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Las Vegas firefighter sues employer over handling of sex video

Updated March 7, 2019 - 8:37 am

A Las Vegas firefighter filed a sexual harassment lawsuit this week that alleges supervisors lacked concern for her reputation after co-workers circulated a sexually explicit video of her without her knowledge.

The woman, identified in the federal lawsuit as Jane Doe, sued only after exhausting all other avenues, according to the document.

“This devastated her,” Jenny Foley, the woman’s attorney, told the Las Vegas Review-Journal on Wednesday. “These are folks that she trusted, folks that literally go into life-and-death situations together.”

The woman first went to Las Vegas Fire Department supervisors, and she alleges in the lawsuit that one of them told her, “You have to realize guys are perverts and you’re a hot chick, and if there’s a naked video they’re going to want to watch it.”

Next, as the Review-Journal previously reported, she filed a complaint with human resources. But that, too, fell flat, according to the lawsuit.

In October, she filed a complaint with the Equal Employment Opportunity Commission, which enforces civil rights laws against workplace discrimination. On Tuesday, the agency issued the woman a notice of her right to sue. So she did.

According to the lawsuit, the video in question was recorded while the woman was dating Nathan Hannig, a Henderson firefighter named as a defendant with the cities of Las Vegas and Henderson and 10 other firefighters.

Sometime after the woman broke up with Hannig, the video was sent to a Las Vegas firefighter, according to the complaint, which alleges that the video started making the rounds in June during a Las Vegas Fire Department training event.

David Riggleman, a spokesman with the city of Las Vegas, declined to comment Wednesday, noting in an email that the city has a “long-standing practice of not commenting on pending litigation.”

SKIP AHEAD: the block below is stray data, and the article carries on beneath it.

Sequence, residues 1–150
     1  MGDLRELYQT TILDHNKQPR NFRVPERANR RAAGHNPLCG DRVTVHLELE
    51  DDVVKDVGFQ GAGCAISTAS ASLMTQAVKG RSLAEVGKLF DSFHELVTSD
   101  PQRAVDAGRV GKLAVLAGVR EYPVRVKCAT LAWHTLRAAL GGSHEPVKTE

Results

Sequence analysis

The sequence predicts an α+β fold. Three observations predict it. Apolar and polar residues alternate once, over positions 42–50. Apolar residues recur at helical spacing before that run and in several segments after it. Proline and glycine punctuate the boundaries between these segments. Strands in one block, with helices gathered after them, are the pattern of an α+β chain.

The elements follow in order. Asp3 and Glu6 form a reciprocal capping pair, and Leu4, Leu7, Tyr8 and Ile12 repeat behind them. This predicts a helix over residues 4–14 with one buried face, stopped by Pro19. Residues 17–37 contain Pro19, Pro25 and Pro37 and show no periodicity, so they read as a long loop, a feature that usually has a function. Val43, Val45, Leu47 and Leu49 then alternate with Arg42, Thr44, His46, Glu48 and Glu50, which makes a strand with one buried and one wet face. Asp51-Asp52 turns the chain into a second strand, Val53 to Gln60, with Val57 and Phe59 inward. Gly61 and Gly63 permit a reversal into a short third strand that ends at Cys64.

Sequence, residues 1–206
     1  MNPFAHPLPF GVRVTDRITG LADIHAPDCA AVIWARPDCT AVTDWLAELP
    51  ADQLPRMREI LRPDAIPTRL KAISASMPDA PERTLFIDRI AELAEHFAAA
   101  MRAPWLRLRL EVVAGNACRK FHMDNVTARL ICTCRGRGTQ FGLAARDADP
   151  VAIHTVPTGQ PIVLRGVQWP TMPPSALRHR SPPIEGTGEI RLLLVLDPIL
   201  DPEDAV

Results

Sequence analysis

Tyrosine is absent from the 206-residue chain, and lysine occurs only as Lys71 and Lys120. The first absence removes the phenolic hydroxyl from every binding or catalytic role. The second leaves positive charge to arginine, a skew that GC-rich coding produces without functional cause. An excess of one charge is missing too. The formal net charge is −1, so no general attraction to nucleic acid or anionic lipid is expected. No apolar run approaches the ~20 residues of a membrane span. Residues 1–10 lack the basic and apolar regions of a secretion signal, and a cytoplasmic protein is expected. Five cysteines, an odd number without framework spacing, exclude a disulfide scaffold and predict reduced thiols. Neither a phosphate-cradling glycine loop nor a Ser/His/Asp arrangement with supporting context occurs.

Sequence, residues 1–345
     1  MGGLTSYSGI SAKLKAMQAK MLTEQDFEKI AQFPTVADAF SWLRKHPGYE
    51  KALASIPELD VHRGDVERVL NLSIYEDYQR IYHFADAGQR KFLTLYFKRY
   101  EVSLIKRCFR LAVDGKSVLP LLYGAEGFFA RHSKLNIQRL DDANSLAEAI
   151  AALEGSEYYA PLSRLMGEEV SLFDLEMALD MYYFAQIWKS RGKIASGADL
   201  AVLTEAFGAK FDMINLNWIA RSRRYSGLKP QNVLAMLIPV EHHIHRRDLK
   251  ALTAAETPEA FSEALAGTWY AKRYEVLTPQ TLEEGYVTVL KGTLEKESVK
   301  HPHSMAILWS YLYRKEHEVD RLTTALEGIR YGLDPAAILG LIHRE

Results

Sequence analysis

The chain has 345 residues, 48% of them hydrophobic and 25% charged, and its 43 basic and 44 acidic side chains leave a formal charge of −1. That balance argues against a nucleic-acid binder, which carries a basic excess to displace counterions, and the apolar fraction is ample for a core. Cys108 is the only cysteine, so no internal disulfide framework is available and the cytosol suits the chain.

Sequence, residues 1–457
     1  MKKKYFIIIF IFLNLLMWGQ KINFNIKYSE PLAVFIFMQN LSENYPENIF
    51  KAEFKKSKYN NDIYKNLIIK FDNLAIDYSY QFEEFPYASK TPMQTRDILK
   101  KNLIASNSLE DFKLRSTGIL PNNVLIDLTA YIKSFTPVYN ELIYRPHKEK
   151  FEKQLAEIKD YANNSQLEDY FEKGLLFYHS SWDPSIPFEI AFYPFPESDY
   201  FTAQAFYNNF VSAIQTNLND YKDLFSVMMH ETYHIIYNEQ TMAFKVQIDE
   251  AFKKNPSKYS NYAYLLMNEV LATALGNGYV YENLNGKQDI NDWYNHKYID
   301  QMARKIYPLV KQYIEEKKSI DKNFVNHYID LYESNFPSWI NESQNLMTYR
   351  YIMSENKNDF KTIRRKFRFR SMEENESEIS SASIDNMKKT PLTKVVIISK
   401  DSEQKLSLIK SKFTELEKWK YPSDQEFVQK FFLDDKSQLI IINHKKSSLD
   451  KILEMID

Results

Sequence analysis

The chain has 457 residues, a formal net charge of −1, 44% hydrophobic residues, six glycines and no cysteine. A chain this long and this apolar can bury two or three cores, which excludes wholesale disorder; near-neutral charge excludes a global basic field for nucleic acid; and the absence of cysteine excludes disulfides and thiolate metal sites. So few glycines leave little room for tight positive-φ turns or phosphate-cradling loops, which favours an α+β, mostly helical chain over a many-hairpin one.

Javier Trujillo, a Henderson spokesman, said the city was aware of the complaint but had not been served.

“The city strongly denies any wrongdoing relative to the allegations in the complaint and will vigorously defend its position in court,” Trujillo said in an email.

The lawsuit, which also alleges workplace retaliation, mentions an instance in August when the woman discovered that the sunroof of her car had been shot out while she was wrapping up a shift at a Las Vegas fire station.

The city marshal’s office responded and deduced that someone nearby had fired a stray round into the air and that it happened to land in her car.

“My client is obviously skeptical about the conclusion,” Foley said. “If that’s a coincidence, it’s the mother of all coincidences.”

The department, known as Las Vegas Fire &Rescue, placed the woman on unpaid leave in August.

“Due to LVFR’s failure to act, the video was widely circulated, and viewed and discussed by LVFR employees while on duty and while on LVFR property,” the lawsuit alleges. “It was soon common knowledge around LVFR that there was a sex video.”

It goes on to assert that the department “bungled the investigation, delayed the investigation unnecessarily and generally tried to sweep the incident under the rug, subjecting plaintiff to continued sexual harassment, and trauma.”

Foley said the entire situation was disturbing, but she noted that her client is “prepared to move forward.”

“She is eager to have her day in court,” Foley said.

Contact Rachel Crosby at rcrosby@reviewjournal.com or 702-477-3801. Follow @rachelacrosby on Twitter. Review-Journal staff writers Shea Johnson and Blake Apgar contributed to this story.

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